Massachusetts: Boston Is Home To Oldest Public Park
From the Freedom Trail to Fenway Park, the streets of Boston are filled with education and tradition. Daily Passport recently detailed the oldest public parks in America and did you know that the Boston Common is number one?
The Boston Common Dates Back To 1634
“Puritan colonists purchased the land rights to the Common’s 44 acres from the first European settler of the area, Anglican minister William Blackstone,” Boston Parks and Recreation explains.
In total, the Boston Common spans 44 acres. “Centuries ago, public parks were created for unique and specific purposes, such as animal husbandry, town assemblies, or even burying the dead,” Daily Passport states. They also explain how this space was purchased by Puritans who needed a communal pasture for cows.
In addition to the various tours you can hop on, the city of Boston provides a detailed history of how the Boston Common public park has evolved. They explain how natives in the 19th century planted many trees around the time when cows were banned.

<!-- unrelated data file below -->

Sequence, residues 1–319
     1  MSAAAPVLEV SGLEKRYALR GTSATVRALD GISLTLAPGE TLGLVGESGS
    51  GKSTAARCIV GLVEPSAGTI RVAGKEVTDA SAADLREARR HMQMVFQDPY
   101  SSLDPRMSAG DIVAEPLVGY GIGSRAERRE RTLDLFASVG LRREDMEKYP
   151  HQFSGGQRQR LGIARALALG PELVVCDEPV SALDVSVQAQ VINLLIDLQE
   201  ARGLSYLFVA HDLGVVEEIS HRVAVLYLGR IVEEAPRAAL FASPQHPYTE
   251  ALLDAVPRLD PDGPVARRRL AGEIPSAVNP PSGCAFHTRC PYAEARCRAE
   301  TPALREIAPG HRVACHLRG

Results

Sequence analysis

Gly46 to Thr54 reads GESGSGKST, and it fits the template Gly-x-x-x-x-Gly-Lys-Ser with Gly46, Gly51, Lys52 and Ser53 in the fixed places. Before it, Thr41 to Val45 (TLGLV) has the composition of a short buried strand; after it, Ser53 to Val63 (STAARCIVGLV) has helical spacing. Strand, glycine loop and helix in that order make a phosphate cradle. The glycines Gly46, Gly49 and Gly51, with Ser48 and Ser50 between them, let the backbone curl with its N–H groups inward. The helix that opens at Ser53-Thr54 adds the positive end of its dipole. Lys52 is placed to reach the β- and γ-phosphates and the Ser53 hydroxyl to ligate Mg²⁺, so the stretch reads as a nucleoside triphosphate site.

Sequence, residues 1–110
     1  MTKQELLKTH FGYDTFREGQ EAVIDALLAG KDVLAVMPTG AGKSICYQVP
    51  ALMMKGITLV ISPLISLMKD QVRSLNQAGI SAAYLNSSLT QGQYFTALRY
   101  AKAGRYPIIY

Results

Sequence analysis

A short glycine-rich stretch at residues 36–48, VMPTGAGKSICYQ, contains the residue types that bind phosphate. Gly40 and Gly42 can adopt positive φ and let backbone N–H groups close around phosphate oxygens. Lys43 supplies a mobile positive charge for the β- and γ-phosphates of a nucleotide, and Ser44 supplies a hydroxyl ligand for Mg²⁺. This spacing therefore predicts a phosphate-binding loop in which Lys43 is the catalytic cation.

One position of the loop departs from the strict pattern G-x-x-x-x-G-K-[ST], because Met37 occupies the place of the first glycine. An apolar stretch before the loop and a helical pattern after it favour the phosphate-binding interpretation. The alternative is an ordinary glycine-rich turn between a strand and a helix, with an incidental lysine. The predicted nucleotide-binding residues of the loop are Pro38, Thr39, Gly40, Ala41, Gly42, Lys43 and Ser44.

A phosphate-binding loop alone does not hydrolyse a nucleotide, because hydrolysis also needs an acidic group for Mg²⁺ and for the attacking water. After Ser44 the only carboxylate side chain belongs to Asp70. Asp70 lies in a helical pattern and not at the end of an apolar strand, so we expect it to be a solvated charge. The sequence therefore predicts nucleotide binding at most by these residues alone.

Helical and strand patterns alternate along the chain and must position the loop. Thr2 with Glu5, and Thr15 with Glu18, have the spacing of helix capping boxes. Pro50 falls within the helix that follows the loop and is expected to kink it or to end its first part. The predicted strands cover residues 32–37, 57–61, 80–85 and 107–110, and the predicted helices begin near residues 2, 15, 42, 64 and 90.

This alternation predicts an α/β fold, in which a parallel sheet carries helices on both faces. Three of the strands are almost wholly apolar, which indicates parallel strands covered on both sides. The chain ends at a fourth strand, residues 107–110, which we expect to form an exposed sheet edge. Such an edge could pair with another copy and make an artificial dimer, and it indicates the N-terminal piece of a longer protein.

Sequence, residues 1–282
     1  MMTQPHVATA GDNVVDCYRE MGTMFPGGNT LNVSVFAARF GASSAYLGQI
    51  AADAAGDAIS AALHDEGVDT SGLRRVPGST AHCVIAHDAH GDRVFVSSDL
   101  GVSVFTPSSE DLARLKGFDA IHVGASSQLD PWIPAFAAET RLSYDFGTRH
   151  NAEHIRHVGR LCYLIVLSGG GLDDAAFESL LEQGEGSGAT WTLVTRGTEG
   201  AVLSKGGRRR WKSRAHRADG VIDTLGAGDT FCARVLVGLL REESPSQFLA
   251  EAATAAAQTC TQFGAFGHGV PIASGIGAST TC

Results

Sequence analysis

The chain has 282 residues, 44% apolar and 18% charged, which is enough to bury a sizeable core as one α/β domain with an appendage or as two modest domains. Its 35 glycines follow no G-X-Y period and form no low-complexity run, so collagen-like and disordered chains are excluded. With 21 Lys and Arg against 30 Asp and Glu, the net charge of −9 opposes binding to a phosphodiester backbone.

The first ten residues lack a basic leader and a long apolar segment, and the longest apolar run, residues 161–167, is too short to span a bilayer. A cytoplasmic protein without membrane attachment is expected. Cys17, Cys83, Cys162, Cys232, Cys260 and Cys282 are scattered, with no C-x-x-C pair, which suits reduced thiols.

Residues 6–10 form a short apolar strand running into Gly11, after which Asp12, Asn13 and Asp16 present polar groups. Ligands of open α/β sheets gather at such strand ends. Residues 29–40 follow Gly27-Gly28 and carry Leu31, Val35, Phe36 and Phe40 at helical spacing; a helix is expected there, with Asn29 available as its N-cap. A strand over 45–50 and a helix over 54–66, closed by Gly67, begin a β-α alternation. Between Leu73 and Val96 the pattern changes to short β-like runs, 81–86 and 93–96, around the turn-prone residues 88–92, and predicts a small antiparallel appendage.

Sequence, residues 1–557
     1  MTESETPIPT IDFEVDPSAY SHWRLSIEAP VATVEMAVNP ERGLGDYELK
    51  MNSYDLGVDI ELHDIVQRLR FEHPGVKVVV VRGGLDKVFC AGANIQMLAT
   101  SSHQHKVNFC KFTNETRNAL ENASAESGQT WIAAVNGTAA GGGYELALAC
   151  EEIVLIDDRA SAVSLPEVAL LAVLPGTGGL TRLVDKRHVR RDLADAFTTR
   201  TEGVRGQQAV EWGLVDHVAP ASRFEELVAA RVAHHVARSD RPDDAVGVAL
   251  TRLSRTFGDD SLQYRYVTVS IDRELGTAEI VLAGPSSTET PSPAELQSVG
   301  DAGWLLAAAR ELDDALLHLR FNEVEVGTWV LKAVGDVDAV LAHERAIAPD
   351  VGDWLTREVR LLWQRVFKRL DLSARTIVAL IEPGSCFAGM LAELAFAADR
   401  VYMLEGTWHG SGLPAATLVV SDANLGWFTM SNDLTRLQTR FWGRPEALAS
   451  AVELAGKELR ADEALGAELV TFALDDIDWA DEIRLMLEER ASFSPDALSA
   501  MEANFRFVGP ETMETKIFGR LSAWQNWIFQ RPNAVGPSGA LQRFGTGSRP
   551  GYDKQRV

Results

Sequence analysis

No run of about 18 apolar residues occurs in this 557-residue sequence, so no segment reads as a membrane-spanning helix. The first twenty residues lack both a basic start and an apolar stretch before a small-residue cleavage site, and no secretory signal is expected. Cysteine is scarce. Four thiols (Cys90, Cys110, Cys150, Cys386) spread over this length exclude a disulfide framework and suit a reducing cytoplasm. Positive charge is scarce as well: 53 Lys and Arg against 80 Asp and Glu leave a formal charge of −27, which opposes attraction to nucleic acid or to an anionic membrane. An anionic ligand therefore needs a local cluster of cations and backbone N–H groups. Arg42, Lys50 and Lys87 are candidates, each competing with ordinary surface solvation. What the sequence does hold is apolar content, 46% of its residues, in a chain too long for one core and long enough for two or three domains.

The Boston Common Today
Today, “The park includes ballfields, a tot lot and the Frog Pond, which provides skating in winter and a spray pool for children in the summer,” Boston.gov says.
Here are some other fun facts about the Boston Common include;
- It’s the official start of the Freedom Trail
- Two subway T stations are underground beneath the park
- It served as the site the Red Coats departed to during the travel to the Battle of Lexington and Concord.
Additional American Park History
Four of the six oldest public parks in America are Boston neighbors, all calling the east coast home. This includes Bowling Green in New York (with the charging bull statue), Franklin Square in Philadelphia, and Washington Park in Newark. Realistically, for history buffs, you can hit all four of these parks in one single weekend, with Boston and Philadelphia being about 300 miles apart.